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Independent report on downtown Columbia TIF proposal calls for more careful critique

Four developers with projects in Howard County are challenging the county's authority to use tax increment financing to help Howard Hughes Corp., Columbia's master developer, to finance a $51 million garage for public and private use.
Four developers with projects in Howard County are challenging the county's authority to use tax increment financing to help Howard Hughes Corp., Columbia's master developer, to finance a $51 million garage for public and private use. (Courtesy of Howard Hughes Corp.)

Although an independent analysis requested by Howard County Council Chairman Calvin Ball confirmed a public subsidy to finance public infrastructure is appropriate, the firm, TischlerBise cautioned it was unclear whether the amount was justified.

The council is considering a $170 million public subsidy to finance public infrastructure in downtown Columbia is justified as Howard Hughes Corp. redevelops the area into an urban core.

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TischlerBise, said that the county's financial analysis of the tax increment financing deal may overstate its economic benefit by projecting higher than expected revenues for the county, and uses an old development program that oversells the economic impact of the plan.

The council is considering the first in a series of bond sales to finance $90 million for public infrastructure improvements in the Crescent neighborhood. The overall development plan for downtown Columbia includes $2.2 billion in private investment.

The firm's analysis comes as MuniCap, a public finance consulting firm hired by the Kittleman administration to analyze the deal, defended the need for the deal. Tax increment financing is a public financing tool that earmarks future tax revenues generated from the development to pay back bonds and other costs associated with the deal.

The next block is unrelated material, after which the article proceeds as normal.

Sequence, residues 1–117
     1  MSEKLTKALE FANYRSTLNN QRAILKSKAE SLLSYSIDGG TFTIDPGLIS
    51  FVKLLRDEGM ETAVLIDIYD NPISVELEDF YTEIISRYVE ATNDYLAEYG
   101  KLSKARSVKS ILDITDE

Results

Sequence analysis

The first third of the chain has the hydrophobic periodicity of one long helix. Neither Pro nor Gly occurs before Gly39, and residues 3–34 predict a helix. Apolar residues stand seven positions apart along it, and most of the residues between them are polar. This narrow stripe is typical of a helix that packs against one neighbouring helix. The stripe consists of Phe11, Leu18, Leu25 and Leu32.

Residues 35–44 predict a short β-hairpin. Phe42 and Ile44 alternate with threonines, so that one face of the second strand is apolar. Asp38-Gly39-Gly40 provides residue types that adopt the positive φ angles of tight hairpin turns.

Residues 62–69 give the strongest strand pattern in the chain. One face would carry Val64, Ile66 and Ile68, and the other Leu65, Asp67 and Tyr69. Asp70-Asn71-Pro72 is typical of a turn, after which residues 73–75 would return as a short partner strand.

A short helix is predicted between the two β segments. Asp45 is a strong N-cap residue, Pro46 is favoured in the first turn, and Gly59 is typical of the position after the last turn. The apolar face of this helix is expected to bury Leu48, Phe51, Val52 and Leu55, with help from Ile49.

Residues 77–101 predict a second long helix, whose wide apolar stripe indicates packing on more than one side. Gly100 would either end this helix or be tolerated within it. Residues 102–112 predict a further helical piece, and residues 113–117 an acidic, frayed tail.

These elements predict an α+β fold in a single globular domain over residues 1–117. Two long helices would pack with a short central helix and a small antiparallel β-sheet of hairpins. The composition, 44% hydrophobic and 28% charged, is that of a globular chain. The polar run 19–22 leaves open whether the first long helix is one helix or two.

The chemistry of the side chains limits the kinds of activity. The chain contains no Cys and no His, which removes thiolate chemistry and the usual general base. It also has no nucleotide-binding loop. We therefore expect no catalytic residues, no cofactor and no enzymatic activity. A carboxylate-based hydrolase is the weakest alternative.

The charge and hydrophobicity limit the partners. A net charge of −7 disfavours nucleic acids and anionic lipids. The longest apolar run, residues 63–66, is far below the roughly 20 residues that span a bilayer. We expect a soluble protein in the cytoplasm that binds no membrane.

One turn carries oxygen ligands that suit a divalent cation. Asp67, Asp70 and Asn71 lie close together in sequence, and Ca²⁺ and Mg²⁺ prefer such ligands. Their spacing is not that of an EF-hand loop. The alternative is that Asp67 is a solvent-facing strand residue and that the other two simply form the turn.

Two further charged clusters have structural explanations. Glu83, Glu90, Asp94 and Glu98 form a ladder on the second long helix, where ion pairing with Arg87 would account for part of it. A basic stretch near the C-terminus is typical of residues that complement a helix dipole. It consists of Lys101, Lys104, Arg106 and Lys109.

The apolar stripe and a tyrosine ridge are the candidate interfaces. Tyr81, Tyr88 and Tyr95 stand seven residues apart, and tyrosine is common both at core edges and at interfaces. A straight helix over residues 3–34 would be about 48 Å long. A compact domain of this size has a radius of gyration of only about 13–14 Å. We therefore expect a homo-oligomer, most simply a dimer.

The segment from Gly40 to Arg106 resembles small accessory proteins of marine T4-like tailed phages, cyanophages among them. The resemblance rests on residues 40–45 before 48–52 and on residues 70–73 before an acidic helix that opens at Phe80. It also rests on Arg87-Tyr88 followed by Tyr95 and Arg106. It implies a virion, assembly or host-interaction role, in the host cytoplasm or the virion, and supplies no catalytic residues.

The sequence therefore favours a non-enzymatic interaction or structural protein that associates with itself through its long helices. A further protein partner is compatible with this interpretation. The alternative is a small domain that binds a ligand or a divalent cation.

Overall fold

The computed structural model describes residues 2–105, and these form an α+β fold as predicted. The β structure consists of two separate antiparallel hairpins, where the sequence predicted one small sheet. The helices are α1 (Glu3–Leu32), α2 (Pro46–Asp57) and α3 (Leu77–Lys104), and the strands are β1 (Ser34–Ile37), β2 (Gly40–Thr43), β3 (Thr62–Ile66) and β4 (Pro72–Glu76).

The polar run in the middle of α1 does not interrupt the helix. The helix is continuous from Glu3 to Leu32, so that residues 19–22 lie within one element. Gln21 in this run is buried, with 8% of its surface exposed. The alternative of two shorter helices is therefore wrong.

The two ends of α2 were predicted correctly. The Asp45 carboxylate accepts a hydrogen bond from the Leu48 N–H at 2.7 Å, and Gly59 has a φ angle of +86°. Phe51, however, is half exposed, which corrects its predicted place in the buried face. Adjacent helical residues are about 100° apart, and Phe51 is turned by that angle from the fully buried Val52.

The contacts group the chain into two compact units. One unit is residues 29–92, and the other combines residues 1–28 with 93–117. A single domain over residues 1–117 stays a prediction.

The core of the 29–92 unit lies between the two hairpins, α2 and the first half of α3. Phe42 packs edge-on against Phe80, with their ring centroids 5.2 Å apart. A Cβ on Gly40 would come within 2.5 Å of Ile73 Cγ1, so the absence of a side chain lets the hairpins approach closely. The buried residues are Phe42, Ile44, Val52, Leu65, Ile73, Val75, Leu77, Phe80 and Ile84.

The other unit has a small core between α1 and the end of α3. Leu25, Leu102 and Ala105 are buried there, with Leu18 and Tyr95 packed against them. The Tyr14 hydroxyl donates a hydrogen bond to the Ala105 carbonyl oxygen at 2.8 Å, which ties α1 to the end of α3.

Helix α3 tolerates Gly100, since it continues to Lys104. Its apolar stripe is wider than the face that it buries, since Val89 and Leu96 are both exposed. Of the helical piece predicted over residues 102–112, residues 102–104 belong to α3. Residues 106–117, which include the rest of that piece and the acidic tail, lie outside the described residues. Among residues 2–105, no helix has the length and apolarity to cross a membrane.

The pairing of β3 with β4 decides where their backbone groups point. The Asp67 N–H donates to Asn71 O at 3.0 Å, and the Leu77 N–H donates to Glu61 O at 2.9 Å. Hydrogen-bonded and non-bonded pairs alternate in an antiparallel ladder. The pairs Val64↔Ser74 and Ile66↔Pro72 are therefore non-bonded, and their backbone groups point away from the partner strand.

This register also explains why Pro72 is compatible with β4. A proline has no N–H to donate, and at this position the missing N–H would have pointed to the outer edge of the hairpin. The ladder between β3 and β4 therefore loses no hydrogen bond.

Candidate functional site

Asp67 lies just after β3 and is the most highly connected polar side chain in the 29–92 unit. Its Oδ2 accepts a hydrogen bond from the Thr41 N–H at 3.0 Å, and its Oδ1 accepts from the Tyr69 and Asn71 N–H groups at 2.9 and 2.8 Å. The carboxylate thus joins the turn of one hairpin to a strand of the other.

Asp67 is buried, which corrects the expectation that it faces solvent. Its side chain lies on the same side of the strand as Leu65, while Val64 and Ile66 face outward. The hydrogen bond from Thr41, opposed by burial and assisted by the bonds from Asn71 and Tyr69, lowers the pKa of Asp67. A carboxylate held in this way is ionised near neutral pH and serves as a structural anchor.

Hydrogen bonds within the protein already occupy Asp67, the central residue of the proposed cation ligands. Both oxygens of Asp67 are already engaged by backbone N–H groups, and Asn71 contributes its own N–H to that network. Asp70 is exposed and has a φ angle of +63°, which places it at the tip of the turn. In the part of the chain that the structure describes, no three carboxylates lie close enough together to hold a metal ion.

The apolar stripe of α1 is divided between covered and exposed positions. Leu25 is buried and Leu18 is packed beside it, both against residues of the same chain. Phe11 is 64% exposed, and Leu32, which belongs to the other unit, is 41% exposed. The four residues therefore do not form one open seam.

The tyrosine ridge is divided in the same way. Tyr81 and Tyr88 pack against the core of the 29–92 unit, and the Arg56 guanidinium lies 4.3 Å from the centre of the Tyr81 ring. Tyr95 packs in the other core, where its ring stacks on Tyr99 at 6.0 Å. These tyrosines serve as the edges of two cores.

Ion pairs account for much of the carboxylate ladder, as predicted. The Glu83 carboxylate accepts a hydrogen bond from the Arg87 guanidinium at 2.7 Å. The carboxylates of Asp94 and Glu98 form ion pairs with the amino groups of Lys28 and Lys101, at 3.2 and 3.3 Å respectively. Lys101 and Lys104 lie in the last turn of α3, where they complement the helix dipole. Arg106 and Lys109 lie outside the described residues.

In council meetings, Keenan Rice, president of MuniCap, has said the TIF is necessary to incentivize the developer to implement the county's 2010 master plan for downtown Columbia.

Howard County is seeking a $127 million tax increment financing deal - the largest in the county's history and one of the largest in the state - for the development of downtown Columbia.

"From the developer's perspective, they're going to make more money with suburban development," Rice said. "If the county wants the downtown development [to be] an urban type environment, it's probably going to have to help make it happen."

The plan, which establishes the framework for the overhaul of the area, suggests but not does not require the use of a TIF as an example of a public-private partnership.

But the plan calls for high development standards and structure parking, which is much more expensive than surface parking, said Stanley Milesky, the county's finance director.

The county estimates a structure parking space costs $15,000 — triple the cost of a surface lot space. Without the TIF, the developer would have a rate of return so low that it could preclude private investment or result in a lower-quality development, according to the county's financial analysis.

Greg Fitchitt, vice president of development at Howard Hughes, said the urban and dense environment envisioned for downtown Columbia necessitates the use of a TIF.